Agnes Thelin almost looked apologetic when she explained I was a suspect. My thoughts were like a whirlwind. A suspect? I sank back in my chair and tried to collect myself.
I was still dazed a little while later, when the attorney marched in and demanded to speak to me in private.
“We’re going to figure this out,” he said, placing his left hand on my shoulder as he squeezed my right hand. “Don’t worry.”
His hand was large and sticky and he looked like a cross between Tony Soprano and Tom Jones. The size of a bear, tan, gold chains around his neck and wrist. A pigeon-blue shirt with the top three buttons undone. The type of man who drives his SUV all the way to his single-family home even though the neighborhood is supposed to be car free. Who has a grill the size of a camper in the backyard and thinks everything was better when he was young, even though he doesn’t feel a day over twenty-three. I’m sure he was high up on the divorced young moms’ fuck lists.
“So this is what you look like?” I said.
“What do you mean?”
“I didn’t quite remember.”
“Have we met before?” the attorney asked.
“I think so.”
A light went on in his head.
“Stella Sandell. I should have realized. Ulrika’s daughter?” I nodded.
“This’ll be quick,” he said. “They have nothing on you. Some cops nowadays have awfully itchy fingers. They have their homicide guidebook and stuff to follow. They think the first few hours are totally crucial so they haul in the first best option, for better or for worse.”
He sat down, his legs spread wide, and placed his large hands on his kneecaps.
“But they must have something,” I said. “They said there was some witness who pointed me out in a photo.”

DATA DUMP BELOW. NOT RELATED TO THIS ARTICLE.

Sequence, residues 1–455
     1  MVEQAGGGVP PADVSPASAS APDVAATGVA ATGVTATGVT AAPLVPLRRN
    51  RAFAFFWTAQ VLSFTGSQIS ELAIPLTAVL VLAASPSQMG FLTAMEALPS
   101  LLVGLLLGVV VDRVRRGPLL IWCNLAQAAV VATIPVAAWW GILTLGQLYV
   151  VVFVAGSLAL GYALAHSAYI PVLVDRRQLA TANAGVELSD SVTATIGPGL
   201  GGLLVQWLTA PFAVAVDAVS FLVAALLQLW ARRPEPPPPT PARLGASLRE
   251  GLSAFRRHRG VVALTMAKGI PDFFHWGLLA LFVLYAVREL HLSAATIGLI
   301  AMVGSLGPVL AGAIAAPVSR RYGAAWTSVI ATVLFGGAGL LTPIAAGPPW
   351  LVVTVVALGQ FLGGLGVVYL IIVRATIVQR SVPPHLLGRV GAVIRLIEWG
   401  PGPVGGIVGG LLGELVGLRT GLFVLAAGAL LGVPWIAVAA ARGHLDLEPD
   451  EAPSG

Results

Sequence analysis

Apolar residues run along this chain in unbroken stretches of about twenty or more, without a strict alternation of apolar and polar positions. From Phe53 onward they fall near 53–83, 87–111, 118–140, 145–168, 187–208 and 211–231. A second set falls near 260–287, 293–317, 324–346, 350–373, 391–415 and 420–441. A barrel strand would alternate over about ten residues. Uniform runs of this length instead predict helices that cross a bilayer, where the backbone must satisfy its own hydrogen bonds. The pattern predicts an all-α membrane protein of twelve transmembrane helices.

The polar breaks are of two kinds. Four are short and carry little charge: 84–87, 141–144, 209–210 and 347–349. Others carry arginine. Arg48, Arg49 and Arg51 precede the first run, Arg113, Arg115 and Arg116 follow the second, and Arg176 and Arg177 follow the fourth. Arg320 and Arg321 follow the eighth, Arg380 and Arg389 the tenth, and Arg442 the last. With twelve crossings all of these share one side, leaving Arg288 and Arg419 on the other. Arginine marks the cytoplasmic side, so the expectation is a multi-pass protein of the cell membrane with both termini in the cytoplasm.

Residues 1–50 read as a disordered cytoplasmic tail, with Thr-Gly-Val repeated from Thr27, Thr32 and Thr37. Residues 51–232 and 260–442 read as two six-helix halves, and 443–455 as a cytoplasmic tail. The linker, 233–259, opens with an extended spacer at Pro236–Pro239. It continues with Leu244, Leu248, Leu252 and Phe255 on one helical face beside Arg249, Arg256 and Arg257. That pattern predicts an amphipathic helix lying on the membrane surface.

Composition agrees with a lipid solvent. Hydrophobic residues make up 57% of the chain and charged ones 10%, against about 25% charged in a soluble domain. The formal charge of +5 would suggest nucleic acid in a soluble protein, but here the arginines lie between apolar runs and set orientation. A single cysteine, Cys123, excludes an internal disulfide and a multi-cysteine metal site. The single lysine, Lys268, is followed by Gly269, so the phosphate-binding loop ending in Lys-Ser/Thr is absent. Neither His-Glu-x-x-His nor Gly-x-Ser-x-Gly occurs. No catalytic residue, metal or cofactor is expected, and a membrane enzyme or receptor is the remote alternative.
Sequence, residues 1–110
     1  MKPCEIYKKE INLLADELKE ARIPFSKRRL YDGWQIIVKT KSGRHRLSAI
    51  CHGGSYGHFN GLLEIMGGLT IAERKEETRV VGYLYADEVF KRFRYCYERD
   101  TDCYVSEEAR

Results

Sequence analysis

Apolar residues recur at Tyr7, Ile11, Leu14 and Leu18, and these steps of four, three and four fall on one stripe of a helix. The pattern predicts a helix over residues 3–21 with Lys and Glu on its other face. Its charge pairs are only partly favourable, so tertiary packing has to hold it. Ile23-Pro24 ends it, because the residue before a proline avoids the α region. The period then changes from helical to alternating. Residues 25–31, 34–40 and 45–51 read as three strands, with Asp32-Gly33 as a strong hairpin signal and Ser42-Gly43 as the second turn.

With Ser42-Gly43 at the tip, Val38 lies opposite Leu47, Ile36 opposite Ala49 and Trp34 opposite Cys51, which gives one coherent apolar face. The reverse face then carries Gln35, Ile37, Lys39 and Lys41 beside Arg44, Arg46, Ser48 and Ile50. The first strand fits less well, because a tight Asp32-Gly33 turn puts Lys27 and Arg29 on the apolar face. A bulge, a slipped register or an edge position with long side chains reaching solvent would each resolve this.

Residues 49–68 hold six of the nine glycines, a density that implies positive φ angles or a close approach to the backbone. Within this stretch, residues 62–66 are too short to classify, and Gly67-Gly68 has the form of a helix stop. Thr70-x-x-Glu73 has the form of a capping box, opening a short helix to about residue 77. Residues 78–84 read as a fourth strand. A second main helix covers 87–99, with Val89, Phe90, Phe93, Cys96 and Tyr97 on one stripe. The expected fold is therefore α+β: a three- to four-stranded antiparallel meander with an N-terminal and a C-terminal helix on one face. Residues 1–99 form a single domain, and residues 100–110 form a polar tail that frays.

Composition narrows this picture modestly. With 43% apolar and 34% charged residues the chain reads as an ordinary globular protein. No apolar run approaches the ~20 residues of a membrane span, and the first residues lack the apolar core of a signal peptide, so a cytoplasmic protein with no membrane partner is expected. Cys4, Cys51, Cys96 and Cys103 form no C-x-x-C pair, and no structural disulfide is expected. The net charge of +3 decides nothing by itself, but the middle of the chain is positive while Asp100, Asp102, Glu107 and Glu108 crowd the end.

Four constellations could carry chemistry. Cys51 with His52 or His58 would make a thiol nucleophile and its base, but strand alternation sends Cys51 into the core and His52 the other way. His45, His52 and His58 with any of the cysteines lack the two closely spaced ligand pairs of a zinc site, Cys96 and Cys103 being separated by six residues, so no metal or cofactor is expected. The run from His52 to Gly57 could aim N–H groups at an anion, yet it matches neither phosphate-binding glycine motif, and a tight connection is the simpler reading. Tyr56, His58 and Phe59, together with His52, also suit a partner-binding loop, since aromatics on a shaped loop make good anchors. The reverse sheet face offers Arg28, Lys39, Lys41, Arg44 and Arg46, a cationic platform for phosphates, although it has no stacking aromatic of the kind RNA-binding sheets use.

“She can hardly be called a witness. Some silly girl who claims she saw you from a window. In the dark! And she’s one hundred percent certain it was you, even though she doesn’t know you. No, that’s not much of a witness.”
I could picture her in my mind. A shady figure in a window on the second floor. Was that really all they had? Was that the only reason I was sitting there?
“They want to continue questioning you as soon as possible,” said Blomberg. “You’re lucky. Agnes Thelin is one of the most sensible people in this place. Good to talk to.”
He stood up and messed with his phone a little, holding it half a centimeter from his nose. Apparently the thought of wearing glasses made him feel old or ugly, or maybe both.
“Forgot my contacts,” he mumbled.
My legs felt like overcooked spaghetti when I stood up. The attorney walked ahead of me to the door.
“So what am I supposed to say?”
Blomberg turned around so fast his hair fell down across one eye.
“What do you mean?”
“What should I tell the police?”
“Just tell it like it was.”
He looked at me, slowly, up and down, until I pulled my cardigan over my chest. I felt like a show cat. The attorney brought his hand to his forehead and stroked away both hair and sweat.
“Is that all you’ve got? Tell it like it was. That’s your strategy?”
Blomberg shrank a bit.
“What are you talking about?”
“You’re supposed to be one of these big-shot lawyers,” I said. “Haven’t you won a bunch of major cases? Didn’t you have a better strategy those times either?”
Blomberg threw up his hands.
“What do you want, exactly?”
I had managed to arouse some uncertainty in him. Some philosopher once said that knowledge is power. That is definitely true. Other people’s ignorance is also a powerful factor.
“What if I did it?” I said.
Blomberg had transformed completely. He had come marching in here like an alpha male straight out of the tanning bed. Now he looked like nothing but a pale little boy.
I thought of Dad’s motto, how lying is a rare skill. Did Blomberg share that belief?
“Why would you have done something like that?” he wondered.
It was, of course, a good question.